But I’m excited to see more of us out there. We have so much to offer.

Up next, Thaimee talks about her goals and her cookbook.

You’re working on a cookbook. Home cooks in this country often see Thai food as very exotic. How do you approach writing a book for someone who hasn’t done this at home?
To be able to write a cookbook is such an honor. I take it very seriously; the message I’m giving is not for the sake of vanity. I’m giving my audience the opportunity to see me as a friend or sister. I’m introducing my culture and food through something simple. I conduct a cooking class once a month here. I’ll do something, and people say, “Really? That’s it?” Yeah. That’s it. That’s what I’m hoping to do in the cookbook.

Talk to me a little about your love of the markets.
I was in Thailand, and I got to know this market through my dad. It was a forager market. I thought, if I were to have a cookbook, I would want to talk about this forager market. I took my team there. It was so awesome. Just mindblowing. I hope we can share it soon, but you have to wait until spring 2015.

What are your thoughts on the review cycle?
If you want to work for the sake of getting good reviews, you are not going in the right direction. The reviewer is a pro; they do this everyday. They know.

Proudest moments?
I was on Iron Chef battling Bobby Flay. Being on that show is like, how did it happen? But I was cooking [at Ngam], and the server came back and said, “Table 30 wants to see you; it’s a dad and his five-year-old son. He says he saw you on iron chef, and he wants to see you.” So I go out and the dad says, “This is Chase. He saw you on Iron Chef. We were here on Sunday, and it was your day off. He begged me to come and see you again because he’s your biggest fan.” That was a beautiful moment for me.

What about goals?
Be a better person. I kid you not. I’m a very ambitious person. I left Thailand six years ago. But Mother Teresa talked about doing small things with great love. That’s how I see it. It doesn’t matter how successful I am — life has its beauty. I focus on how can I be a better chef, how can I be a better boss, how can I be a better wife, how can I be a better friend. I let life take care of itself.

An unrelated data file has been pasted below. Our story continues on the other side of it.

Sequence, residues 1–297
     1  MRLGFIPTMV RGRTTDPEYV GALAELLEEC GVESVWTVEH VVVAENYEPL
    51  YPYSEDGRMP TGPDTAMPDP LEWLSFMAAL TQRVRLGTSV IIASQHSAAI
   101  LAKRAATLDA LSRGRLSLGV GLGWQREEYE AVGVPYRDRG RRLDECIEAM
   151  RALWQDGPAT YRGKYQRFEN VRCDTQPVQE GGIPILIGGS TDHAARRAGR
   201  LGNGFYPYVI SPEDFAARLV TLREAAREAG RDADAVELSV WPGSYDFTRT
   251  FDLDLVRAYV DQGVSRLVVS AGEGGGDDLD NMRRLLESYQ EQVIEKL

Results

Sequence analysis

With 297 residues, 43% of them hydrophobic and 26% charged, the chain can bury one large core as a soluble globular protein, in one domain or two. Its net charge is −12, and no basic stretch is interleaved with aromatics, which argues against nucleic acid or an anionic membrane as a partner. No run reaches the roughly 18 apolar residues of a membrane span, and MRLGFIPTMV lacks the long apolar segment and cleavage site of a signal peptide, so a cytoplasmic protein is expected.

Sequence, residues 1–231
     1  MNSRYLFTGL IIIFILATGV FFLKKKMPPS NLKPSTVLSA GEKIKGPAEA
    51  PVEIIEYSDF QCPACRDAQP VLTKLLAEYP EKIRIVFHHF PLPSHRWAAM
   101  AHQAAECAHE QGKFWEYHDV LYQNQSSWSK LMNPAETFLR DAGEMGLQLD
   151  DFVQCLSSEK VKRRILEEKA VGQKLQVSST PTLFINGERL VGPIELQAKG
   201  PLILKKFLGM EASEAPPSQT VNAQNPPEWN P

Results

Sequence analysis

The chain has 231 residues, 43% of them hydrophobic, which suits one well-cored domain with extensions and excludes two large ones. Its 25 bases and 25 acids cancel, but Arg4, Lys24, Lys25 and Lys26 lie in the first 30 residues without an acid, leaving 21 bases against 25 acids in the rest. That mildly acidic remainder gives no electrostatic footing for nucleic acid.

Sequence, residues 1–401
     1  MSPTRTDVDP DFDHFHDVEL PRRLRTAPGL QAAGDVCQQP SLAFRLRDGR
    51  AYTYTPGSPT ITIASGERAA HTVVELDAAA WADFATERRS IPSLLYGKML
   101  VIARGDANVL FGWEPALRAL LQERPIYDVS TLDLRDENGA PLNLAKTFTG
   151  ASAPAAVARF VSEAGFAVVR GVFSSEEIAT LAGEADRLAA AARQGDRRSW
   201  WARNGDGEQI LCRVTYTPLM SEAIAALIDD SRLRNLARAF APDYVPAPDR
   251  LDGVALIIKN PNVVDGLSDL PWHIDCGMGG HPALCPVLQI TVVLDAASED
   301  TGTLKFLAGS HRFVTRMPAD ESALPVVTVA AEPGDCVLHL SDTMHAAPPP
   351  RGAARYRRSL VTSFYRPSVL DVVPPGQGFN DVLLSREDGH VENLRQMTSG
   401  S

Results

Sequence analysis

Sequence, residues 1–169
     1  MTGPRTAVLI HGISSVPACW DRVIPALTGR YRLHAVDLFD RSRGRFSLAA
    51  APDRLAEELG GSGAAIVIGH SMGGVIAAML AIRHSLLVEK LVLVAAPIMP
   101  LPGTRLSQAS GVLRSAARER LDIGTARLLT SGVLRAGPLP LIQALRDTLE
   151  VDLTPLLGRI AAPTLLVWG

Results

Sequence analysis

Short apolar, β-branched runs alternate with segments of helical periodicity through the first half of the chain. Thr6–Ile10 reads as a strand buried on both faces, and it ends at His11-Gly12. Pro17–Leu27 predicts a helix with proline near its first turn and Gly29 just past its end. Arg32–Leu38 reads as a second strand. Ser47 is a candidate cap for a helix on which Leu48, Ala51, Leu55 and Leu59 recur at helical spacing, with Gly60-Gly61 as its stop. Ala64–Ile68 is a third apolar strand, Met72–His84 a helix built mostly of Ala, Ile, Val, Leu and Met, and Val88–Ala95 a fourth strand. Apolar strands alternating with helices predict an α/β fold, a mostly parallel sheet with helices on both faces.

What about another restaurant?
Of course. It will happen when it happens. But I don’t think I will stop here.

On the next page, Thaimee divulges favorite Thai dishes — and where to get them.

Where do you go for a drink?
Angel’s Share — sometimes we work long hours, and it’s a hidden spot, so you can’t go wrong. I order the Serenity. It’s lychee-flavored and so good.

Best Thai restaurant that’s not this one:
Depends on the dish I go for. I love kuay tiew, which is pretty much Thai ramen. I really like it at Sri Pra Phai. Ayada has this papaya salad with fermented crab. I like Somtum Der for spicy soup.

Favorite special occasion restaurant:
I love Blue Hill. Ah!

Favorite neighborhood restaurant:
I live in Dumbo, and I really like Vinegar Hill House.

Best neighborhood in the city for food:
The East Village is amazing and also Chinatown.

Who would you most like to cook for?
Rafael Nadal. Oh my god! I’ve been saying this with every interview. I hope it will get to him soon! I’m a tennis fan, and he plays so well. I would love to cook and have a chat with him.

Who would you most like to cook for you?
Michael Voltaggio. In LA. Oh my God, my heart is beating so fast. This is so personal.

Dish you could eat forever:
Growing up in Thailand, we ate paste — shrimp paste, chili paste (nam prik). For me, rice, boiled eggs, nam prik, and vegetables — I can eat it every day.

Something you love about NYC restaurants:
You can never get enough of them. It’s amazing and inspirational.

Something you think is weird:
Why do people have to be so pretentious when it comes to restaurants? I guess we all have to be pretentious once in awhile.

Person that doesn’t get enough credit:
Dishwashers and delivery boys. On rainy days and snowy days, delivery boys still show up and deliver our food to our customers.

Weirdest thing you’ve ever eaten:
Oh come on, I grew up in Thailand. I eat quite Thai. Foods that are shrimpy and fishy. Sour green mango dipped in fermented shrimp paste. I’m salivating. It’s so good.

Anything in your story that’s been overlooked?
When I started, the media would say, “Oh she’s a model chef, a fashion chef, this and that.” It was wonderful, but the true turning point was when I was on Iron Chef. Then they said, “Oh, she can cook!”